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Buying Your First Rental Property And Becoming A Landlord
When you are buying your first rental property and becoming a landlord, there is lots to learn. How do I find tenants? What should I charge for rent? Should I update the places to get more rent? How do I tell the tenants they are late on rent?
I have read a lot about how you have rule with an iron fist to keep your tenants in line. Our philosophy is much more laid back, and it has worked out amazingly well for us. Every property is different, but this was our experience.
Our first rental investment property was somewhere we would move into ourselves, and in retrospect, that was an aspect more important than I would have guessed. There's many decisions along the way, and being a potential tenant yourself makes those decisions much clearer.
First off, when it comes time to market your place, you are part of the target audience, so it is easy to find the right place to advertise. Just ask yourself... how would we go about looking for a place? We actually mistakenly put costly newspaper ads out initially, bringing in the completely wrong renters who were completely not interested. Once we switched to advertising in places we would look, 90% of the people who came were actually interested, the place would rent faster, and the tenants were happy to be in our place.
That leads to the next reason why buying something you would live in as your first rental property makes the landlord learning process so much easier. The tenants! These will be people that you basically get along with because they like what you like, and if you meet them, they will most likely like you, or they would not be renting it. You will make sense to them, and they will make sense to you. When you are at odds with your tenants, the whole interaction and experience can be painful, so getting along helps tremendously.
Why, you say, should I care if my tenants are happy? Because everything is easier. They will more likely pay rent on time, respect & keep your place in shape, and stay longer. Believe me, there is nothing like a completely wrecked apartment by a short-term tenant. Sure you can charge money for damages, but it will still take time and be a hassle to get it back up to a rent-able state. And dealing the whole time with bitter, angry tenants is no fun either.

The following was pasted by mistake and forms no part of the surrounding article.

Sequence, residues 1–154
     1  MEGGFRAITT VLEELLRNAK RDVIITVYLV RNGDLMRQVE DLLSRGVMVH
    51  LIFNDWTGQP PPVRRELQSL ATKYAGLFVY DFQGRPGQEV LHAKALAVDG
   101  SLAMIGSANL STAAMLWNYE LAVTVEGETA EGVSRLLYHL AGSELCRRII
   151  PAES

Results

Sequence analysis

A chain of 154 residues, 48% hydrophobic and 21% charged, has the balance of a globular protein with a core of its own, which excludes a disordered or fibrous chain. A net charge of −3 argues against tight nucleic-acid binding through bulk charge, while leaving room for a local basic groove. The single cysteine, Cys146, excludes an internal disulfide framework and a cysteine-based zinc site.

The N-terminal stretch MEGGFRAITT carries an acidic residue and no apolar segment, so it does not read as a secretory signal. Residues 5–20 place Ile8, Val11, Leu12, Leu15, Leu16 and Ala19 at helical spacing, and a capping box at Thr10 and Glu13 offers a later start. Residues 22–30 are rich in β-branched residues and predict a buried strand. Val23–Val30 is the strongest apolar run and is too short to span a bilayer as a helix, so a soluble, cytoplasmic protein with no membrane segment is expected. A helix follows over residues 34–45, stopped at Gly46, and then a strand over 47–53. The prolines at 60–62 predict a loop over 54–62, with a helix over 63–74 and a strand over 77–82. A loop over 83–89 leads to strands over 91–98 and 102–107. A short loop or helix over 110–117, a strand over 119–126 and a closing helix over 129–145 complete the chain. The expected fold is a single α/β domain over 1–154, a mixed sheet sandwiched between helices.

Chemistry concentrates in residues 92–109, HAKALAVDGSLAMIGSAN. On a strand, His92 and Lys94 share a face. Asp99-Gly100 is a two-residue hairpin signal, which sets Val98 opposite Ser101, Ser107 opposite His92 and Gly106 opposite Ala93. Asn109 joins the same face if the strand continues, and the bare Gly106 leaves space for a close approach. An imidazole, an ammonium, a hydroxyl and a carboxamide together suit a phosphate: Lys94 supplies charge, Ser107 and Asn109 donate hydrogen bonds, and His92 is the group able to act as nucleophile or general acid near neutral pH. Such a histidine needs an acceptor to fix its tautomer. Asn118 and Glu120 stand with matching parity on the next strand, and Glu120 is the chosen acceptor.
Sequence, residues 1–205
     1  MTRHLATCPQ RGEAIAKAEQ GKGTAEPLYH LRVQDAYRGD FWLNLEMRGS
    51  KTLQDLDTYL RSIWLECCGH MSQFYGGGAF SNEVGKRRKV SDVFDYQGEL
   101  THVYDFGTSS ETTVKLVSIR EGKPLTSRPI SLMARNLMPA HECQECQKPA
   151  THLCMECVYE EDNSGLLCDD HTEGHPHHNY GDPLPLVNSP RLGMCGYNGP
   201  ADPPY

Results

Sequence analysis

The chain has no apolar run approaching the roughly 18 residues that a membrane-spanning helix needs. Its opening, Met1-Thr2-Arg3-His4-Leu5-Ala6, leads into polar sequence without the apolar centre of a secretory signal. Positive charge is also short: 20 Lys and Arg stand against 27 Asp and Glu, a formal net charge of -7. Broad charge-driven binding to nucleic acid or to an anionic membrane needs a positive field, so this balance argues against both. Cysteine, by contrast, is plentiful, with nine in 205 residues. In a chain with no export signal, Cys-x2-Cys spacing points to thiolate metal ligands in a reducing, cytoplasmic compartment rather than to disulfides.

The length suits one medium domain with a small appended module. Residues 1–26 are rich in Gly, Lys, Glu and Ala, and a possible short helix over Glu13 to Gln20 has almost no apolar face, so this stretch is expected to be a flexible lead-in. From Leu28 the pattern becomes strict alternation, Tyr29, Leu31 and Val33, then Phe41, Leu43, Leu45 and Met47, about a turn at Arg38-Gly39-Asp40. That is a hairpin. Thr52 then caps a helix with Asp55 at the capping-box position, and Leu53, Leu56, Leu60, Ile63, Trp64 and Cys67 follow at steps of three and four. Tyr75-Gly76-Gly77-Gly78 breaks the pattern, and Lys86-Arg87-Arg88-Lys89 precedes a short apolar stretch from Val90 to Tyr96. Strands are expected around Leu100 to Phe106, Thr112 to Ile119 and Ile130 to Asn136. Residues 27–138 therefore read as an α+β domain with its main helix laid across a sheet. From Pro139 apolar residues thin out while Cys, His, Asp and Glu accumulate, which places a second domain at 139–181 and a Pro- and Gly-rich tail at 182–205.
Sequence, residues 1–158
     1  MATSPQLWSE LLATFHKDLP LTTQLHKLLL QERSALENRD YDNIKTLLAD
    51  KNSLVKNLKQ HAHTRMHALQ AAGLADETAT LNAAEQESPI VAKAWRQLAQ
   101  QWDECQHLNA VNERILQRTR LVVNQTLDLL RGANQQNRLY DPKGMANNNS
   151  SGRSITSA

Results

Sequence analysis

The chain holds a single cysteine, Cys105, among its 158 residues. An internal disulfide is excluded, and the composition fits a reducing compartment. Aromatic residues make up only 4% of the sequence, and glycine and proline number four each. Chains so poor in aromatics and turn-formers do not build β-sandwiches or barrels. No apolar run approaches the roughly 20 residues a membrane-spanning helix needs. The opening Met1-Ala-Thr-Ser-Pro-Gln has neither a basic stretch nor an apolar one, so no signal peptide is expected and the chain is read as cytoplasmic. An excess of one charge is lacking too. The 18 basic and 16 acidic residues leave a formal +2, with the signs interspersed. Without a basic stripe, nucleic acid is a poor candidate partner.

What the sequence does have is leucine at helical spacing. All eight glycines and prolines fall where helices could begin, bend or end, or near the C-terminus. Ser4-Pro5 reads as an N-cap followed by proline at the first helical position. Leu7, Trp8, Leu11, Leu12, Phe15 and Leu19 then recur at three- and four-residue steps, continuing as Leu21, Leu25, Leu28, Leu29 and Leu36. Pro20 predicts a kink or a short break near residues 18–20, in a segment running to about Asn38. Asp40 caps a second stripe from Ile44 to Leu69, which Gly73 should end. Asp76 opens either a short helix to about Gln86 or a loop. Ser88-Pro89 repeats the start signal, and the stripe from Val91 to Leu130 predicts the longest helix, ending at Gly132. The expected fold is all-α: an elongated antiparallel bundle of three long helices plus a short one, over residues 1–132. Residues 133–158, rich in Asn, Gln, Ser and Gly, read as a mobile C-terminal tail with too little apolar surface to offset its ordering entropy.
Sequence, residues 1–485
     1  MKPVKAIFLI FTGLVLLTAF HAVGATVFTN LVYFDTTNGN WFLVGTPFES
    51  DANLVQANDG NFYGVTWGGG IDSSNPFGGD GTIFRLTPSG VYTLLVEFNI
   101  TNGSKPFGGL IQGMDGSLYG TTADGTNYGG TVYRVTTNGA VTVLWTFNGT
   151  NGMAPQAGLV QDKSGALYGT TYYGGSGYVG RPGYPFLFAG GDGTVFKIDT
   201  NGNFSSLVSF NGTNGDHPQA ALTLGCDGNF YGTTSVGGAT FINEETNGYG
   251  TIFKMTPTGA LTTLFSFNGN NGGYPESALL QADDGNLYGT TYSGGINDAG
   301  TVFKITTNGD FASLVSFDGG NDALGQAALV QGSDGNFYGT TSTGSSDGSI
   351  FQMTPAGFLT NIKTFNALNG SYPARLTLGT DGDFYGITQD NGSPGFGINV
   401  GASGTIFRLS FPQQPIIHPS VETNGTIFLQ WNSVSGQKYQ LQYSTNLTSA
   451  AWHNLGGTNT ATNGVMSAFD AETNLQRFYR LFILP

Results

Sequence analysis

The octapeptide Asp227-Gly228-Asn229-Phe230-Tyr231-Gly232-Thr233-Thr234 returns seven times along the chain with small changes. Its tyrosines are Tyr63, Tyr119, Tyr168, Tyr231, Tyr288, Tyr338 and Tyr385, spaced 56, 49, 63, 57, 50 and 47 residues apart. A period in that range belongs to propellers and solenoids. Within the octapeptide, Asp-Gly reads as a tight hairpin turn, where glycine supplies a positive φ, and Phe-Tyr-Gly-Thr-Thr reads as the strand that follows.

How do you make your tenants happy? There's a couple things we do. One is that we allow tenants some flexibility with painting and decorating. 95% of the time, our tenants actually do wonders with our apartments and leave them with a better style than we could have done ourselves. Many times, we even get good ideas to carry over to the other apartments to make them more marketable, like some basic drapes & mounted wine racks. We even had a tenant call us to ask if she could plant some flowers by her porch. We welcomed it. It was an indication that she felt invested in the place and felt at home. Of course, I am not advising you let someone remodel your kitchens... I am talking small things that are easily undone, but make the tenant feel invested and at home.
Another thing to do to have happy tenants is to give them a sizable re-signing bonus when their leases end. And unless it is painfully needed, do not raise the rent, especially if the tenant is someone who pays on time and is easy to deal with. We offer a $500 re-signing bonus each year with rents at $800. It is almost a free month and about the cost it would be for us to do a make-ready, so it is good for us and them.
Also, we do not rent our places at the maximum. We make them a somewhat good deal so that many people will inquire, and so we have a better chance of a good fit that will be happy and stay long. We also do not overcharge because feeling ripped off is one main reason a tenant will leave.
We also treat our tenants with a lot of respect. We call them every time we enter their units, and if repairs take an extensive amount of time or hassle on their behalf, we give them some rent back. We also maintain the property and do pest control. And we always answer their issues within a day, at least with a phone call.
Becoming a landlord was definitely a learning experience. Everyone has their own style, and even different properties may prescribe a different style. Just be open to handling your rental property business (which is basically your tenants) with respect rather than the stereotypical overbearing attitude.
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Travel Part B